Von Bismark Sunday Business Post Article

by vonbismark

www.vonbismark.com

 

Von Bismark’s mirror on retailing future
1 January 2012 by Linda Daly

Eoghan O Sullivan Von BIsmark

Eoghan O’Sullivan, founder, Von Bismark: the company’s aim is to revolutionise online retailing.
Von Bismark
What it does: virtual commerce and retail advertising
Why it works: “It’s better to test your products with real world users than to spend nine months in development creating something people don’t want. Get things out there early. Get feedback and, if it’s rough around the edges, so be it.” – Eoghan O’Sullivan, founder, Von Bismark

With a background in 3D design, Eoghan O’Sullivan has been a serial entrepreneur since he graduated with a degree in Multimedia from Dublin City University in 2003. He co-founded Pixie Labs in 2005 and Tender3d.com in 2009. However, it wasn’t until 2011, when he spotted the potential for an innovative new technology, that he went out on his own.
When Microsoft released its Kinect technology for the Xbox, O’Sullivan saw real potential in it – not just as a gaming platform, but as a way for people to interact with data. He came up with the idea for Von Bismark and officially registered the firm at the end of August 2011.

The company’s aim is to revolutionise online retailing by enhancing the way people interact with both digital advertising and online retail stores. The first of its products to be released will be Accessories, an augmented reality platform that allows users to physically interact with digital accessories. The technology uses a two-metre interactive mirror and Kinect technology to show people how a handbag or accessory might look on them.
The person can then email an image to friends for advice, get information and get information on the product itself
Accessorise is still in production and Von Bismark is yet to make a sale, but O’Sullivan said potential clients would include designer brands such as Burberry and high-end retailers such as Brown Thomas. He sees the technology advancing further in the near future.
“The end goal for us is for people in two years’ time to stand in front of their flat screen at home and be able to access stores, click on an image, see what it looks like on, and buy the product from there,” he said.
O’Sullivan believes the product had the potential to revolutionise online retailing. “Sixty-six per cent of people will not buy clothes online and, of all the clothes that are bought online, about 30 per cent are returned,” he said.
The company recently put its product on display at Liffey Valley Shopping Centre in Dublin. In the first three days, more than 15,000 people stopped to use the system, which took over 2,000 pictures.
O’Sullivan said that, despite the fact that Von Bismark and its technology were both in their infancy, it was important to get his message out there early on.
“It’s better to test your products with real world users than to spend nine months in development and creating something people don’t want. Get things out there early. Get feedback and, if it’s rough around the edges, so be it,” he said.
O’Sullivan believes strongly in communication.
“The first thing is to talk to absolutely everybody. Spend 23 of the 24 hours of the day talking and generating a buzz around your product. The great thing about Dublin at the moment is it’s got a great tech scene. It is a really vibrant area to be working in and people want to know what’s out there,” he said.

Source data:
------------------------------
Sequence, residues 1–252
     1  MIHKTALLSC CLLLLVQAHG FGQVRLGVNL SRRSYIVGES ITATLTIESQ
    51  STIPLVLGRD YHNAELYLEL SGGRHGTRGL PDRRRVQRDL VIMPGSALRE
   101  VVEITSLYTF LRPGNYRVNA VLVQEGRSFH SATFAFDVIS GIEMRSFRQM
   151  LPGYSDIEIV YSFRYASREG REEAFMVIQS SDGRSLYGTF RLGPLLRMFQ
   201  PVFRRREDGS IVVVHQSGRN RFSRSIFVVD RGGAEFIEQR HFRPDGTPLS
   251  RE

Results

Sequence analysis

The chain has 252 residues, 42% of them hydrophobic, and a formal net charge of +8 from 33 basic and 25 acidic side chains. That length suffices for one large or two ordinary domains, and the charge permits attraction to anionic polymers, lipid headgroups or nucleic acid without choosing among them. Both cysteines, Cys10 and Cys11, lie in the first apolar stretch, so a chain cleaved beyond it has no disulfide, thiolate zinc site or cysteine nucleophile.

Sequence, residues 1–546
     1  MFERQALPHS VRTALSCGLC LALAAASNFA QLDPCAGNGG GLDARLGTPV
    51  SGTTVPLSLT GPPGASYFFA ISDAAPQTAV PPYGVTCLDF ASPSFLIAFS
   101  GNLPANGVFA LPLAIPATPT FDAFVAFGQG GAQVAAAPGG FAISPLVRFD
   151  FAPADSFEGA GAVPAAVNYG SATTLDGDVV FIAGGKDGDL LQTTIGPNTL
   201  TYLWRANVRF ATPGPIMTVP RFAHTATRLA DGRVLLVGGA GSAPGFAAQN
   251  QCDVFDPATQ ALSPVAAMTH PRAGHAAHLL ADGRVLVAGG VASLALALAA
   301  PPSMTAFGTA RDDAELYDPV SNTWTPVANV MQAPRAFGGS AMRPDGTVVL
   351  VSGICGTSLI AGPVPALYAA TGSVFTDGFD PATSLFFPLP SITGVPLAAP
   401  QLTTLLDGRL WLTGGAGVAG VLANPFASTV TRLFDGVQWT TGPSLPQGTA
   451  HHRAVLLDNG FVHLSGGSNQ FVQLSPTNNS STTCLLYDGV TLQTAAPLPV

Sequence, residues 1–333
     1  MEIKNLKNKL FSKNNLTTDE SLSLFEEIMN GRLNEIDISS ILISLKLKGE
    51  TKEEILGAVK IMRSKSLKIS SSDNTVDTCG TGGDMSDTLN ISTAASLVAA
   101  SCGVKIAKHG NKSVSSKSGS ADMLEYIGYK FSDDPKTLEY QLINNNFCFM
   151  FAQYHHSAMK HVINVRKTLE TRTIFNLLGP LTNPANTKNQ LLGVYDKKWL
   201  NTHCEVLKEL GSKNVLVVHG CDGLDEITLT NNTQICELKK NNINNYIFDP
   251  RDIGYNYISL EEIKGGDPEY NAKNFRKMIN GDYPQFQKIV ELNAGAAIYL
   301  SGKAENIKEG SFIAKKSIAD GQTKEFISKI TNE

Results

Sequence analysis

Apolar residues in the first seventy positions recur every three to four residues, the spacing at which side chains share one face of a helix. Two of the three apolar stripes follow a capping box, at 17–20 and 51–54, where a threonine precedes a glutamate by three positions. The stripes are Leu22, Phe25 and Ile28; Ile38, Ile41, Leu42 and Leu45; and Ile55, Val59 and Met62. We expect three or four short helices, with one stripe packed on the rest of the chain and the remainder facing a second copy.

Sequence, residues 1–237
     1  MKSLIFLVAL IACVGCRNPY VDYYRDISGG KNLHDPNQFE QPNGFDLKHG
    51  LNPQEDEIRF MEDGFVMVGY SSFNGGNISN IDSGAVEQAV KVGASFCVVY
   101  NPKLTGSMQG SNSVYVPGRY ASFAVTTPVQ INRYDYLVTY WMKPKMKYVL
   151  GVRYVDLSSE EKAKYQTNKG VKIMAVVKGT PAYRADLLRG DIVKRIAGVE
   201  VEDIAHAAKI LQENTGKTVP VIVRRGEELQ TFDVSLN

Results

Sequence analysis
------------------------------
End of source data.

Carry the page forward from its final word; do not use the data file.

In the latter half of 2012, O’Sullivan expects to build further on Accessorise by introducing three-dimensional clothes using fluid simulation. “The product will take all of your measurements and drape the clothes over your body, so you’ll be able to see the way the material swishes. It will have a huge impact on online shopping,” he said.
Von Bismark won a place on the National Digital Research Centre’s LaunchPad programme last September. The incubator programme supports digital entrepreneurs, helping them to turn business ideas into reality. Participants get €20,000 in seed funding. Von Bismark has also just received €50,000 from the Lucey Technology Fund, which makes a part-cash, part-development commitment to new and growing IT businesses. With this funding, the company has taken on two full-time coders and part-time sales and PR people. It also has Microsoft’s permission to develop further products using the Kinect platform and O’Sullivan plans to expand its range in the coming months.
One of the new products in the pipeline will be digital window display unit for mobile phone shops, which will customers to access their entire catalogue of products and make a purchase.
“It will essentially turn the shop window from an advertising display to an interactive display. We’ll move things from above-the-line advertising to one-to-one interactions with those advertisements, all the way to point-of-sale,” said O’Sullivan.
Another product in the pipeline will be a metrics and user engagement facility to allow retailers to record footfall outside their stores. The firm hopes to enter the British market next year and has the US in its sights in the longer term.
“Our next port of call is to get High Potential Start Up designation from Enterprise Ireland so we can tap into its resources abroad,” said O’Sullivan.

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